How to render a source image through rokka into your desired format

Table of Contents

Render an image through a stack

The recommended way to render images is through stacks. Using a stack, the rendering instructions are stored centrally and the result can be cached. For hash you can use either the full hash or the short_hash returned by the API.

curl -X GET 'https://{organization}{stack-name}/{hash}.{format}'

Note: Additional text after the hash is ignored. You can use this for example to add a slug to the image URL for SEO purposes:

curl -X GET 'https://{organization}{stack-name}/{hash}/{slug}.{format}'

Overwriting stack operation options

If you want to overwrite some stack operation options within the URL, you can do that. For example, if you want to have different resize width, but leave the rest as is. It's the same format as mentioned below for dynamically rendering an image. You can also add/overwrite stack options.


See also the stack variables chapter for another way to overwrite stack operation options.

Dynamically render an image

You can use the dynamic renderer to specify operations directly in the URL without the need for stacks:


URL Operations are concatenated with double hyphens (--). For example, to do a resize and then a rotate operation, the URL would look like this:


You can also add stack options do a dynamic stack, prefix them with options-, eg:


We recommend using stacks instead of the dynamic renderer for a better reusability of your rendered images.

See operations for the definition of URL operations.

Rendering animated GIFs

rokka can also render and output animated GIFs in different formats, like animated WebP, MP4 and WebM. And can do all the stack operations you can use on a still image. It also automatically delivers in the usually much smaller WebP format instead of GIF, if you set autoformat to true on the stack. Additionally it optimizes the original GIF to make it as small as possible in the asynchronous optimization step. The gif.quality stack options defines, how much it should be compressed in this phase. Default is 60, 100 means lossless compression, minimum is 1.

Currently, only animated GIFs are supported as source image. Animated WebP or even videos are not, those are only supported on the output side. We may add that, if there's demand.

If you just want to return the original animated gif in an optimized format to save bandwidth, create a stack without operations and set autoformat to true.

    "stack_operations": [],
    "stack_options": {
        "autoformat": true

The following stack definition would for example add a watermark to your gif and resize it to a width of 300

    "stack_operations": [
            "name": "composition",
            "options": {
                "mode": "background",
                "secondary_image": "0dee47",
                "anchor": "right_bottom"
            "name": "resize",
            "options": {
                "width": 300
    "stack_options": {
        "autoformat": true

Be aware, that the transformation - especially with stack operations on large gifs - will take quite some time on the first hit and you may run into time-outs. If that's an issue for you, please report, and we will see, if we can increase some limitations for you.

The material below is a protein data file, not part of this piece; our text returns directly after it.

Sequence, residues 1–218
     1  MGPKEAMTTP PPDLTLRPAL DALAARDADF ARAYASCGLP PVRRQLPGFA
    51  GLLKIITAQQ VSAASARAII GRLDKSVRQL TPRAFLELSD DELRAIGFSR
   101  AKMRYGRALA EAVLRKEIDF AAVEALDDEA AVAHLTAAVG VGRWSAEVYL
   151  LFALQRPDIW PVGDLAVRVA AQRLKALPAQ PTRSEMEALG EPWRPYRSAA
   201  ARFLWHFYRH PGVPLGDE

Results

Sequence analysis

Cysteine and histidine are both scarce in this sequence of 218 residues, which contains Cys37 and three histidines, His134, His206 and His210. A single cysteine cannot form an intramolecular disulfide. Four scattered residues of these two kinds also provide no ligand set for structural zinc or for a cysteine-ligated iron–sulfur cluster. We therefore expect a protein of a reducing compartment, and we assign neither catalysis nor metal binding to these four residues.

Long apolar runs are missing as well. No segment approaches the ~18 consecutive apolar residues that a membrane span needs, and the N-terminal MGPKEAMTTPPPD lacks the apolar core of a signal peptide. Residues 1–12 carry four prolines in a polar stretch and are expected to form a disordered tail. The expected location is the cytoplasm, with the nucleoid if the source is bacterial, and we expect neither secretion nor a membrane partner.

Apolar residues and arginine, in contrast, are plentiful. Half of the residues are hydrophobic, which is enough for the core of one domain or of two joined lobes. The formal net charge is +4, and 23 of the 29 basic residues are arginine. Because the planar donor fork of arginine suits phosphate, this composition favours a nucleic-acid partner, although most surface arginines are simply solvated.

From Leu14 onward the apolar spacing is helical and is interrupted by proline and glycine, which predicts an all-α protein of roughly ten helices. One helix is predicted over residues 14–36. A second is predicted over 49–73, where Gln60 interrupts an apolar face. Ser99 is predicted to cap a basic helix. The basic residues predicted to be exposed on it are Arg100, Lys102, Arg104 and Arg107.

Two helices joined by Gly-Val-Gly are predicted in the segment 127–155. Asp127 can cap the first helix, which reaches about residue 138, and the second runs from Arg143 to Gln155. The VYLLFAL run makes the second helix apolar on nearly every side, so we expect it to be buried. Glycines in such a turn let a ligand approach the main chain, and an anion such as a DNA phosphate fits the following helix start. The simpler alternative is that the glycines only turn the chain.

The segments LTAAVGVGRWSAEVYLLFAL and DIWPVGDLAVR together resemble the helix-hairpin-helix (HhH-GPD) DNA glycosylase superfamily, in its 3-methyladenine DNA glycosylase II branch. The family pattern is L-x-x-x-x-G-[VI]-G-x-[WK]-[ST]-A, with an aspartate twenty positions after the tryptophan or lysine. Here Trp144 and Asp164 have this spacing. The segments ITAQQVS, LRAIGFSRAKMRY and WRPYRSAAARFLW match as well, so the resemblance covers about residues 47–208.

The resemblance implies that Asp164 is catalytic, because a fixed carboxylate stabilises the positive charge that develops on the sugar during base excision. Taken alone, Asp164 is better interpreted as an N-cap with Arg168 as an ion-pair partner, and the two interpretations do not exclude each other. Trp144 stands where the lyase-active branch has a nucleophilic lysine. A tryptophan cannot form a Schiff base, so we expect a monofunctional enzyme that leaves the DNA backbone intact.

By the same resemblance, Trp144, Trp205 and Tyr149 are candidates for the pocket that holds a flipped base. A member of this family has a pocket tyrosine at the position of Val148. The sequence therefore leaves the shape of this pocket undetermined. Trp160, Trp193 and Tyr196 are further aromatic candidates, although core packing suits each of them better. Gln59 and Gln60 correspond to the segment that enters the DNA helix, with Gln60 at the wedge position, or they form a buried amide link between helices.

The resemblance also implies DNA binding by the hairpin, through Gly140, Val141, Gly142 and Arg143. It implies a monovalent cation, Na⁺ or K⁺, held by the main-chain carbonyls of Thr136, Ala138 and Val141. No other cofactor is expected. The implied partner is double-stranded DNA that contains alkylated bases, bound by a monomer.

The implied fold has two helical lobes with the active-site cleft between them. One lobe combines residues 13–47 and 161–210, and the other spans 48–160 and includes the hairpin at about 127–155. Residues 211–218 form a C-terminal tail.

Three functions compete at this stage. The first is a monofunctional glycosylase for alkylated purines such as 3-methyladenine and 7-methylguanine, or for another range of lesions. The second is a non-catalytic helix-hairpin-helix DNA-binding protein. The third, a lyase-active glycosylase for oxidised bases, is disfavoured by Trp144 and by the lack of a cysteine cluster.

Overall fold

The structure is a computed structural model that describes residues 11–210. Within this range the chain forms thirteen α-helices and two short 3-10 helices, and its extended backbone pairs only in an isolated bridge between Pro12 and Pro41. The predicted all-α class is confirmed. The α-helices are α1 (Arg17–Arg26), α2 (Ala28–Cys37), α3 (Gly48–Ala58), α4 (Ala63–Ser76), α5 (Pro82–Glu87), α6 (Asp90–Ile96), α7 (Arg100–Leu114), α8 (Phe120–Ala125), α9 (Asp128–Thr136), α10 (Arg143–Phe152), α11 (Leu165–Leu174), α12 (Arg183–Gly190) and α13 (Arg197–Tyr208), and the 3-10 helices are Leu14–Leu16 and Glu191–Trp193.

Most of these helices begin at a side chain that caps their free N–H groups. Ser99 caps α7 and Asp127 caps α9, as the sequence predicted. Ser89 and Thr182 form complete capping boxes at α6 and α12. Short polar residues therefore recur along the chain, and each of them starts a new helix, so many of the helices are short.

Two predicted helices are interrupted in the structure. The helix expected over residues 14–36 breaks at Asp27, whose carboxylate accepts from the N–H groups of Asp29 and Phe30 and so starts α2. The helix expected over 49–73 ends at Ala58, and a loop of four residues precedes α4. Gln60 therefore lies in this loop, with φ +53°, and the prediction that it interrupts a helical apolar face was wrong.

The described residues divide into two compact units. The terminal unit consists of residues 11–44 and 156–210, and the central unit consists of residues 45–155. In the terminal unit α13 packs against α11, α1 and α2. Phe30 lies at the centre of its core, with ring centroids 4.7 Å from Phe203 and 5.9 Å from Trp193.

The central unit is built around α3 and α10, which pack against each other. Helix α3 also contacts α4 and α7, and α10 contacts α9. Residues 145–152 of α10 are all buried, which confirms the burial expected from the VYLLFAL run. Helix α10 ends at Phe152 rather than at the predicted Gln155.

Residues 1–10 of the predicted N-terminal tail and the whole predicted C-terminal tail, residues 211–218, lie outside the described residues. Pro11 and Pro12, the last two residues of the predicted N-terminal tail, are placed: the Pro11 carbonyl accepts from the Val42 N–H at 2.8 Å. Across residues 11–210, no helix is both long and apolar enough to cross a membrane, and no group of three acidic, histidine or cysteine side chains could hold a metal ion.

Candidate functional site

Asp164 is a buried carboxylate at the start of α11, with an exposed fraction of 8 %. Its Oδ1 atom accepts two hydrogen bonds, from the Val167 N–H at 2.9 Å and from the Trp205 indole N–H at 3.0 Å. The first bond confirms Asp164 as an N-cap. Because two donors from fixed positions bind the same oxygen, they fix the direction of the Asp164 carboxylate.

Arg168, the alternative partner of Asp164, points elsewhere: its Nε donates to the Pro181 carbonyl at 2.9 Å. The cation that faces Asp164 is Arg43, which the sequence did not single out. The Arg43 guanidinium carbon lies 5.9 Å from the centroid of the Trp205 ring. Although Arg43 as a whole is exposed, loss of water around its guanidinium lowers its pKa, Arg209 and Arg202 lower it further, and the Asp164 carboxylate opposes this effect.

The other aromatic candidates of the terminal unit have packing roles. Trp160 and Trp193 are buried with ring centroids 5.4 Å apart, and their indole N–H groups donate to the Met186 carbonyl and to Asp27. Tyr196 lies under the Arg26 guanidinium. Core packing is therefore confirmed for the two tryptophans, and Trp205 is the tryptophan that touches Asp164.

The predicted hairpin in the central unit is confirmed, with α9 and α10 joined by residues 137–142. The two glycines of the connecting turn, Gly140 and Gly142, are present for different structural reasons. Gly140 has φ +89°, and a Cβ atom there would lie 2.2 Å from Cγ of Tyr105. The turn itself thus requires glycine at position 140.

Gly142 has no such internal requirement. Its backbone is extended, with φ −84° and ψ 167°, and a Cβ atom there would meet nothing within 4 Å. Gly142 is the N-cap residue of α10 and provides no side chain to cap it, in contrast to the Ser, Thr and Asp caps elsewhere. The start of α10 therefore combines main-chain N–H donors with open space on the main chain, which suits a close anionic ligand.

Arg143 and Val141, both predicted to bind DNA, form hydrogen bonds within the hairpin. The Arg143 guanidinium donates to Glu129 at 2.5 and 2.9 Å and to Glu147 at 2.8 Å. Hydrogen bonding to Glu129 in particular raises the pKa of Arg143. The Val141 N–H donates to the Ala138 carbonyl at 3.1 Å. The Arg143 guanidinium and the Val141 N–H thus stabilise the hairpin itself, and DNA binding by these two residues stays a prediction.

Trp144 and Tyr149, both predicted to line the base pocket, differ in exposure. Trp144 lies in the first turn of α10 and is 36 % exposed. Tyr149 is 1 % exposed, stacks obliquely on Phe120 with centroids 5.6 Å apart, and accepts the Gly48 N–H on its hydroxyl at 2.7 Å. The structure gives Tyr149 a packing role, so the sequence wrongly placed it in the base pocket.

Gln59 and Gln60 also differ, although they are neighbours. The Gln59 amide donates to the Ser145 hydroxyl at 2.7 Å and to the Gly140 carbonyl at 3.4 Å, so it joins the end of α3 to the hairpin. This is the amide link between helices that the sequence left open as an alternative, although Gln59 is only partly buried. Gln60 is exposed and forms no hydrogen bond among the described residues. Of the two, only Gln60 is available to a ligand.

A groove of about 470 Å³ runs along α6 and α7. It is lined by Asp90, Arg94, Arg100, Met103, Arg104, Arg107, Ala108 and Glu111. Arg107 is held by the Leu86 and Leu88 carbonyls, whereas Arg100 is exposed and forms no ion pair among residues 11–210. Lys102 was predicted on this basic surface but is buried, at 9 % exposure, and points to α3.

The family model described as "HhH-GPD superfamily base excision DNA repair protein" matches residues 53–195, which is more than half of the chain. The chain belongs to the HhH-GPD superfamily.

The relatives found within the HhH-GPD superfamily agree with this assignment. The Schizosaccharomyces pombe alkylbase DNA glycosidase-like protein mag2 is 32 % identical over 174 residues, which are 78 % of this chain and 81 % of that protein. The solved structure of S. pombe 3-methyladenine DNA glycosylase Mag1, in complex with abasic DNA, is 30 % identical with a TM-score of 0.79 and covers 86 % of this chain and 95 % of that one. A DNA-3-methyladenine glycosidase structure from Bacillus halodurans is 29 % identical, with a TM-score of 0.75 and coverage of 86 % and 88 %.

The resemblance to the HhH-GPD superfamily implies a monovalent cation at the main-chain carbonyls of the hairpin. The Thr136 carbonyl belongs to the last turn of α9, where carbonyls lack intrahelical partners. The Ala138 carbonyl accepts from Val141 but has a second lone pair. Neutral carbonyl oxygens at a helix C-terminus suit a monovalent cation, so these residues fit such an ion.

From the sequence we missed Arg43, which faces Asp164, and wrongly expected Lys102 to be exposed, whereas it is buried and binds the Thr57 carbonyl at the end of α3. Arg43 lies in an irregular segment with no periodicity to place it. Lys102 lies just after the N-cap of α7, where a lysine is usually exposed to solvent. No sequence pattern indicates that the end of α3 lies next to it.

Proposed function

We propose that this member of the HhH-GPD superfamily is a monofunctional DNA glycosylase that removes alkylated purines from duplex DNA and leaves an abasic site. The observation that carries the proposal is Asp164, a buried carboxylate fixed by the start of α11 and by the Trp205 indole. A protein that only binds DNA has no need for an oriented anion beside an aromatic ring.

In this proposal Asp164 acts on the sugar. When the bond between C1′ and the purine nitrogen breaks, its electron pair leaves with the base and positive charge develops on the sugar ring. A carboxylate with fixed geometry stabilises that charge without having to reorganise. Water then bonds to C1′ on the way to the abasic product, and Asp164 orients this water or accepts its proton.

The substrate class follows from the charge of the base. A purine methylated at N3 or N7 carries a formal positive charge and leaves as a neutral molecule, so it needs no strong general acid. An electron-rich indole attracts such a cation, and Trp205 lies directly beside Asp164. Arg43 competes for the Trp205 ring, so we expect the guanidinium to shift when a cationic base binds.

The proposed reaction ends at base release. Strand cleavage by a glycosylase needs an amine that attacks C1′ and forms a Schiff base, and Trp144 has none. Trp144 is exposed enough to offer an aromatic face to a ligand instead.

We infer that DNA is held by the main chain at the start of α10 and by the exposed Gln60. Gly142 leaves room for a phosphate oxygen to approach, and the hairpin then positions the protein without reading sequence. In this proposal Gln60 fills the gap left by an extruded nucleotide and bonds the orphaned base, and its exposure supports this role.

Output as video

To save even more bandwidth, it's advised to display the animations as video, instead of as a GIF. They will be much smaller. You have to use the <video> on your HTML tag to do this. Eg.

<video autoplay loop muted playsinline poster="">
    <source src="" type="video/webm">
    <source src="" type="video/mp4">

Getting a blurhash from a rendered image

BlurHash is a compact representation of a placeholder for an image. With this short hash you can display "blurry" placeholders in a webpage before the actual image is loaded. See for more details about this technique.

Rokka can provide this short hash to you, directly for each rendered image, so you don't have to build/compute that by yourself. Use the blur "format", eg, make a GET request to this and you'll get the blurhash back. This hash you can then store in your database or similar (along with the rokka hash for example) and later use it for the blurhash library.

The result looks like this:

for this image

The code for this example using blurhash-img is:

<script type="module" src=""></script>
  style="--aspect-ratio: 840/1260; width: 50%">

Rendering images from a remote URL

See the Loading images from a remote URL chapter for more details about that.

Use another organization as fallback for rendering images

Sometimes you have different rokka organizations for test/stage and production environments, but need the same images in both of them. You can easily copy all images from one org to another, but this is a long and resource intensive process, when you have many images.

Another approach, if you only need all the images for rendering and not via API operations, you can set the render_org_fallback organization option to another organisation. With this setting, whenever an image is not found for rendering in the original organization, rokka checks the fallback organisation and loads it from there, if available.

As said, they don't show up in the API, for example the image search. So if your CMS does interact with rokka to read from those images, you won't get them. But you can still upload or copy the same images later, if you need to. Also, you still have to copy the stacks from one organization to the other, there's no fallback for them.

To actually be able to link two organizations with this, you need to be admin on both organizations.

curl -H 'Content-Type: application/json' -X PUT '' -d '{"render_org_fallback": "$FALLBACK_ORG"}'

Signed URLs for limited access

rokka has the possibility to let you sign render URLs, so that those URLs are only valid for a certain time or can only be accessed from certain IP ranges. If you need that feature, get in contact with us.